Ever heard of a fierce snake? Also known as the inland taipan, it is the most poisonous snake in the world. How about the eastern brown snake? It's the world's deadliest snake - its venom is less strong, but it has a nasty temper; so it bites, and kills, more frequently than its fierce friend. These two reptilian characters lead the pack of the 10 most dangerous snakes on the planet, all of which live in Australia, and all of which make the black spitting cobra look like a fire ant. Does it shock you that I voluntarily took my children into their native habitat? Frankly, it shocks me too. But wow, what a trip!
At the end of March, Greg, the boys, and I left the relative safety of Singapore and met my brother, Brian, and the Texas grandparent contingency for 10 days of adventures down under. We started our Spring Break in Brisbane, on the continent's eastern coast, where we were introduced to a glorious new beverage: the Australian-brewed Hahn Beer. Those of you who are beer drinkers, or light beer drinkers at least (I can't stomach the smell of a Guinness, much less the taste), would greatly appreciate the delicate complexities of this flavorful, yet not too heavy, libation.
From our initial home base in Brisbane (Queensland's capital, which we really didn't see much of), we made a quick one-hour drive to the Australia Zoo, home of the late Steve Irwin, a personal hero of mine. While it's not a large zoo, this Sunshine Coast attraction it is an amazing place, at least once you recover from the scary "how to survive in Australia" lesson camouflaged as a must-see crocodile show. Seriously: during the show, the friendly (and shockingly attractive) zookeepers lectured on the steps necessary to prevent surprise crocodile attacks - which are, apparently, not uncommon - then performed a little skit about how to treat a bite from a poisonous snake. I walked away from the "show" with a resolve to never linger near the edge of a murky body of water again, and a desire to go purchase a case of ace bandages, lest I need to tightly wrap a bite wound while simultaneously mobilizing a victim and calling for an ambulance. After the scared-straight presentation, the rest of the zoo was pleasantly tame. Throughout the park, we were allowed and encouraged to pet kangaroos, wallabies, koalas, and even a young crocodile. Everyone who works there is obviously very serious about carrying on Steve's vision of conservation and general planetary respect. If only this well-warranted environmental concern were more prevalent back home …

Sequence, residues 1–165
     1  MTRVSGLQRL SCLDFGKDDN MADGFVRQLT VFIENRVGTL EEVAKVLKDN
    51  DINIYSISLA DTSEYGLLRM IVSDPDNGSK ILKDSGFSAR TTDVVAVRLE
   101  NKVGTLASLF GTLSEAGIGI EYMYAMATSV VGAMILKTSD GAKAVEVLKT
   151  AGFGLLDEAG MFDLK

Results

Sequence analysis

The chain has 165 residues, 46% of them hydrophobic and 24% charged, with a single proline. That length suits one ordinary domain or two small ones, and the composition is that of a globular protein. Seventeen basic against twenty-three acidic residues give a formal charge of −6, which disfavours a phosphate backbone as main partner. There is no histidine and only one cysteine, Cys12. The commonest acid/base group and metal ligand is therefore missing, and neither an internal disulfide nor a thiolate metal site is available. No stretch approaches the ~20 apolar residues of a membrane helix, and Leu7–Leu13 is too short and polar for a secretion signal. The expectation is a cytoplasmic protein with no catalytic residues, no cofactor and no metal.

After our short stay in Brisbane we drove an hour south to the Gold Coast Hinterlands and spent the next three days at a beautiful equestrian resort, where, oddly, we never even saw the horses. We did, however, make it to Surfer's Paradise: a little city on the beach dedicated to the active and entertaining lifestyle of surfers. It was way too windy for the beach (for us anyway), so we spent the better part of our afternoon there at a little arcade, where the boys played an endless variety of games, and followed up the fun with some of the aforementioned Hahn beer at an al fresco café.
The next day we hit Movie World: a cinematic junkie's paradise, filled with rides and all manner of memorabilia dedicated to Warner Brothers productions. The highlight of the Movie World visit - and of the entire trip, according to my children - was the "Scooby Doo Spooky Coaster." Should you ever choose to travel to Australia and visit this particular theme park, I must warn you that this allegedly child friendly ride is a real roller coaster, with a way-too-short height requirement. It may not have any loopedy-loops, but there were at least two serious drops practically straight down from heights that made my own stomach flip (one was a drop backwards for heaven's sake), and a very tight spiral part that I'm confident involved some serious g-force. As luck would have it, the boys chose to ride with the thrill-seeking grandmothers, and Brian and I rode in the next wave. When we finally climbed out of the car, I raced out of the souvenir shop (cleverly placed at the ride's exit) and saw Alec turn to me, with tears of fear streaming down his face, as Cameron fervently replayed the experience with a giant grin on his face: "That was the scariest thing I have ever seen in my life! I am NEVER doing that again!" Now, he and Alec both want to go back just to ride that darn ride.
Our last day in Gold Coast we spent just lazing around the resort. I even joined Greg, Troy, and Brian for 9 holes of pitch-and-putt golf. I have never played an actual game of golf before (assuming that putt-putt doesn't count), so I was nervous; but it was fun. I see now how people spend so much of their time on this equally exciting and frustrating activity. Hitting the ball just right - something I almost accomplished - can be quite a high.